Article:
Think are there any connections to your own work or life.

(3) Be critical
Check your sources: two sources are better than one. Primary is better than later.
Pay extra attention to criticism made by other.

(4) Make connections and references
Try to find connections to other concepts, disciplines, traditions and people.
Remember references.

Someone should do an experiment: an online course that would include in it some real study assignments, peer-to-peer learning and peer evaluation. It probably would not be massive but it would be interesting. I would like to see what kind of groupware / social software student groups would like to use in their study work? How would the groups preset their finding for others? How would they evaluate each other.

Maybe I’ll do the experiment. Let’s see.

Imagine courses that take place in wikis, blogs, social networks…

Thursday, July 8th, 2010

I am this week in the WikiSym / Wikimania double conference.

Its’ another great opportunity to spend some time with the world’s brightest wiki-minds: academics, developers, community members and bureaucrats.

I am going to give a short talk on Friday in the Wikiversity session. I am going to present the EduFeedr, a small and beautiful project I am working with Hans Põldoja.

If you can’t make it to Gdańsk — it’s sunny and with nice mixture (like good wikis) of Slavic flexibility and Prussian order — you may check the following presentation. I’ll copy here also the abstract of the talk:

Designing Tools for Supporting Wikiversity Courses: the Case of EduFeedr

In spring 2008 the authors organized a course on composing free and open educational resources (in the Wikiversity). It was officially a master’s course at the University of Art and Design Helsinki. The authors decided to make the course available with an open enrollment through the Wikiversity and promoted it in their blogs. As a result about 70 people from 20 countries signed up for the course on the Wikiversity page.

The course was organized as a weekly blogging seminar. In each week the facilitators posted a weekly theme and links to related readings on the course blog. The participants reflected on the weekly theme in their personal blogs and commented their peers.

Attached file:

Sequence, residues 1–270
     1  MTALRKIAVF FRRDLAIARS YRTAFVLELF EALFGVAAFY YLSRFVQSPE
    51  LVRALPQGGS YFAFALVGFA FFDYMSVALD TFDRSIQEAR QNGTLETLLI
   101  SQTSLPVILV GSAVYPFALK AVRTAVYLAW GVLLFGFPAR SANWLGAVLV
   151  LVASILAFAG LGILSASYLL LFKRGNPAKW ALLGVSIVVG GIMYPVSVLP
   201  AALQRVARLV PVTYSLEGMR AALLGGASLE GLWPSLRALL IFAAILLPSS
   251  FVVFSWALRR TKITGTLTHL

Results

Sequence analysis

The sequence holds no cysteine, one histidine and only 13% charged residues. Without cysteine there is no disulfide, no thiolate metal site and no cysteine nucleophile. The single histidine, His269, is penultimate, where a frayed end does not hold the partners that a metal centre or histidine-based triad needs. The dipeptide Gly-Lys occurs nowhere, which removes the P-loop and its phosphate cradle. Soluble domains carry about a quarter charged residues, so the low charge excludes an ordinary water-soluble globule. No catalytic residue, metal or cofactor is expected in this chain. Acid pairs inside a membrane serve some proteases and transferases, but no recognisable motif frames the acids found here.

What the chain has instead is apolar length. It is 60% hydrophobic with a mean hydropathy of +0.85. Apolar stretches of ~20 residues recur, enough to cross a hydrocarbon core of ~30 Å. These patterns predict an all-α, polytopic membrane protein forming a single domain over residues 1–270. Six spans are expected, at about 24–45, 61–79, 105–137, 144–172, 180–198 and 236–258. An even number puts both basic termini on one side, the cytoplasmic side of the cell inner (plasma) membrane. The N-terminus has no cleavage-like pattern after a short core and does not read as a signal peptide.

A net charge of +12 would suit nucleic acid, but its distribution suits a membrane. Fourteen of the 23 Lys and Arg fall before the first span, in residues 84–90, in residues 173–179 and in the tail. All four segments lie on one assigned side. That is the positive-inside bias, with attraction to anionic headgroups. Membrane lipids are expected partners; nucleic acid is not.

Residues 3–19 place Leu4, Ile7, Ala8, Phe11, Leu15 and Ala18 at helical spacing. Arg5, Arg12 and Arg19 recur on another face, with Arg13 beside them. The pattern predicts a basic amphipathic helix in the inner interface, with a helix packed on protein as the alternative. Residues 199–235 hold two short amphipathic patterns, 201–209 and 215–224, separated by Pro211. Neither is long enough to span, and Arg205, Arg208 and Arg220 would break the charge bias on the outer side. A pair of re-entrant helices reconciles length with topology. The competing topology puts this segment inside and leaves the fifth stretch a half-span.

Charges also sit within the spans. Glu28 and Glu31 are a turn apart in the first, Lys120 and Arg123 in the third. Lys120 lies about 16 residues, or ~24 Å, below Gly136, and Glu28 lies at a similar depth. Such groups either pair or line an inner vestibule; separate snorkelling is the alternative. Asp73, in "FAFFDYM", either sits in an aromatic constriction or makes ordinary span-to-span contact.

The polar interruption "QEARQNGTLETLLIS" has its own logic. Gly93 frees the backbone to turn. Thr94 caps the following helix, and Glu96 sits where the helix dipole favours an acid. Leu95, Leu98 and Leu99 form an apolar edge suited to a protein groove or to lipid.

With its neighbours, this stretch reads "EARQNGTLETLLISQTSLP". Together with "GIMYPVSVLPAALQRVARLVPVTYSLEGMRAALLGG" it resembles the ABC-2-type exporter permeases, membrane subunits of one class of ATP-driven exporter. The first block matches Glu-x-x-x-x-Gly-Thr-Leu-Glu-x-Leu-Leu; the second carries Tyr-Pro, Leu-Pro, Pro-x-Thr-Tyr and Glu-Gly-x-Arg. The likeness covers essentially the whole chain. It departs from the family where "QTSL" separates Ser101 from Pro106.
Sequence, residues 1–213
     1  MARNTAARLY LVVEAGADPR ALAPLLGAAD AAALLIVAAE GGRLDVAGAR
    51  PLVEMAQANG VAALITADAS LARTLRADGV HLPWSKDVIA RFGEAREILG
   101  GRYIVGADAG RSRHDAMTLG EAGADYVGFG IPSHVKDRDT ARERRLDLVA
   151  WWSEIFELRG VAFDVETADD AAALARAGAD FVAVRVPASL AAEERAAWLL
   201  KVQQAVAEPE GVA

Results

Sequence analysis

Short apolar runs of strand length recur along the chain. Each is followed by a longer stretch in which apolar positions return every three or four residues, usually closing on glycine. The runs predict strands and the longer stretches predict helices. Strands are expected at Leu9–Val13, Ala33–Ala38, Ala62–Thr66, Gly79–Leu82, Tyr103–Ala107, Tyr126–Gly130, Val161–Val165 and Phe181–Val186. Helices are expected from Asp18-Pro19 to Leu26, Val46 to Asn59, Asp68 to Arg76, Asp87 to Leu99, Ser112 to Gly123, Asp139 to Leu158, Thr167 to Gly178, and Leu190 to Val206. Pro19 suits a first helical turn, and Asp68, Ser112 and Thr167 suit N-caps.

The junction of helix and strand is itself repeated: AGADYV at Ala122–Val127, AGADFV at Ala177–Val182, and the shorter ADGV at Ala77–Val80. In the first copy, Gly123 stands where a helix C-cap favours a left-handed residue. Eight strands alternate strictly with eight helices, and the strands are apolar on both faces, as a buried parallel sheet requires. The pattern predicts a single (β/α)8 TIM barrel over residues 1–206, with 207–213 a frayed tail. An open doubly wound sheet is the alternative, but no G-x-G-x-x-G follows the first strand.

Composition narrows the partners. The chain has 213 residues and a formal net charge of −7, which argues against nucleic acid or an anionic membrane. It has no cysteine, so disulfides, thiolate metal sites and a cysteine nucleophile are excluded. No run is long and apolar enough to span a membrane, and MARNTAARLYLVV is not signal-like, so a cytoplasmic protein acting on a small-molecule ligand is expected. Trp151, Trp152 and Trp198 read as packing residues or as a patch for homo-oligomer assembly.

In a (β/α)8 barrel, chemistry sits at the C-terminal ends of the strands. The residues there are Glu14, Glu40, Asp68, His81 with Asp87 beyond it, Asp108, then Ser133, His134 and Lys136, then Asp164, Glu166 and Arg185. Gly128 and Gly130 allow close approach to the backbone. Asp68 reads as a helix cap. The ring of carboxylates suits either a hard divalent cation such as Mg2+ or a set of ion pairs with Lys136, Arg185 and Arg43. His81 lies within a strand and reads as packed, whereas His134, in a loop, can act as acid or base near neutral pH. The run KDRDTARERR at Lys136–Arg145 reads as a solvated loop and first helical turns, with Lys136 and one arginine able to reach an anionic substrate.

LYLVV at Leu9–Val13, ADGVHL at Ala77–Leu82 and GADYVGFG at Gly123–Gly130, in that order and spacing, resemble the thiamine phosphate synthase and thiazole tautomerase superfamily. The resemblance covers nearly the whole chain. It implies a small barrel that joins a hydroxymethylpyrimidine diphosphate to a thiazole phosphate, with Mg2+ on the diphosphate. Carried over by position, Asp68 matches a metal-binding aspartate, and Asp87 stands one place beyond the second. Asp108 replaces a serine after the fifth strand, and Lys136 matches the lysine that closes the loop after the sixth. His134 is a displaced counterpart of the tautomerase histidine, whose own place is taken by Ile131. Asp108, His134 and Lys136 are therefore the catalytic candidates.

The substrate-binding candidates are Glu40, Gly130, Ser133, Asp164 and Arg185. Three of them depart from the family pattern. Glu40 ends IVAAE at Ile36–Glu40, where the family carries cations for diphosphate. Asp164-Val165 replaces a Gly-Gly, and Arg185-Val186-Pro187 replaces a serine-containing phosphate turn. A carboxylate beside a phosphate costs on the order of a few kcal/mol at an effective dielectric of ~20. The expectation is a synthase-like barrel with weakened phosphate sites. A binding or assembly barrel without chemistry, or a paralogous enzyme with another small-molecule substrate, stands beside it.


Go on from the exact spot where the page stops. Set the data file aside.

One of the challenges in a large blog-based course is to follow all the communication. Typically this communication takes place not only in blogs but also in other environments such as Delicious, Twitter, etc. Most of these environments provide RSS feeds but typical RSS readers are not very suitable for following this kind of courses. Most of the RSS readers such as Google Reader are designed for personal use. In a Wikiversity course it would be important to have a shared feed reader that all the participants could use.

EduFeedr is a web-based feed reader that is designed specifically for following and supporting learners in open blog-based courses. The design process of EduFeedr is based on the research-based design methodology. We have organized several Wikiversity courses where we have tried out various online tools to manage the course. The initial user needs for EduFeedr came out from this contextual inquiry. Interaction design methods such as scenario-based design, user stories and paper prototyping have been used in the process.

As a result of the design process we have indicated the key features for EduFeedr. These include (1) signing up for the course, (2) visualizing how the students have proceeded with the assignments, (3) visualizing the social network between the students, (4) annotating blog posts and comments, and (5) archiving the course.

EduFeedr is currently a work-in-progress. The first version is implemented as Elgg plugin and we are currently doing internal testing with real data from several Wikiversity courses. In this version we have implemented signing up for the course and some of the planned visualizations. We are planning to launch the beta version of EduFeedr service in late summer 2010. The source code and more information about EduFeedr is available at the project web site (see

Open education: if you can do it, do it

Sunday, July 4th, 2010

Some time ago the New York Times wrote about the fathers’ leave in Sweden. The articles ends with these words:

In Sweden I am on the right,” Mr. Westerberg said, “but in the United States, I’m considered a Communist.”

Some days ago David Wiley wrote that with the open content the Open Knowledge Foundation gets it wrong when claiming that share-alike licenses are open but non-commercial ones aren’t.

For those who are not that familiar with the open/free content/knowledge discussion, the share-alike (SA) license has a condition asking people who remix or build upon the content to distribute the resulting work under the same license. The license ensures that later works will be open, too — will stay in commons. Wiley wrote:

“When authors adopt a share-alike license, they are saying: we value the freedom of content over the freedom of people.”

As an author using share-alike license I see this a bit differently. I value the *freedom of mankind*, the common good, over the freedom of content or individuals.